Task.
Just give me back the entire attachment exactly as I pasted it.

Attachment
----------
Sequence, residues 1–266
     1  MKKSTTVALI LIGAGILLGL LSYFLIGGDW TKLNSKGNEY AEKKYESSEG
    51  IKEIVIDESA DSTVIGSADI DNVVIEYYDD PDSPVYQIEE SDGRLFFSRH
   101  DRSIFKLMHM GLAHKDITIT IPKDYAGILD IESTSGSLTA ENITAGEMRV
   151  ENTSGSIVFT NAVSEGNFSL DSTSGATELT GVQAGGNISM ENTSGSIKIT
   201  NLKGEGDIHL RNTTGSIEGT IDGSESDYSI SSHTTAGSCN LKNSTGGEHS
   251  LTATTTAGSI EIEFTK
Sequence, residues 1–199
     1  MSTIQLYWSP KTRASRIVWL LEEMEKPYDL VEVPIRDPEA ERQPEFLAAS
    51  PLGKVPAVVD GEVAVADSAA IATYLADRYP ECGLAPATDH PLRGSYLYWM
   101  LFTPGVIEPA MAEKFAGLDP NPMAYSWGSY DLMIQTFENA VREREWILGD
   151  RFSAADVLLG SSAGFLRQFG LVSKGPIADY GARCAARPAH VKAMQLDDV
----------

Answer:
Sequence, residues 1–266
     1  MKKSTTVALI LIGAGILLGL LSYFLIGGDW TKLNSKGNEY AEKKYESSEG
    51  IKEIVIDESA DSTVIGSADI DNVVIEYYDD PDSPVYQIEE SDGRLFFSRH
   101  DRSIFKLMHM GLAHKDITIT IPKDYAGILD IESTSGSLTA ENITAGEMRV
   151  ENTSGSIVFT NAVSEGNFSL DSTSGATELT GVQAGGNISM ENTSGSIKIT
   201  NLKGEGDIHL RNTTGSIEGT IDGSESDYSI SSHTTAGSCN LKNSTGGEHS
   251  LTATTTAGSI EIEFTK
Sequence, residues 1–199
     1  MSTIQLYWSP KTRASRIVWL LEEMEKPYDL VEVPIRDPEA ERQPEFLAAS
    51  PLGKVPAVVD GEVAVADSAA IATYLADRYP ECGLAPATDH PLRGSYLYWM
   101  LFTPGVIEPA MAEKFAGLDP NPMAYSWGSY DLMIQTFENA VREREWILGD
   151  RFSAADVLLG SSAGFLRQFG LVSKGPIADY GARCAARPAH VKAMQLDDV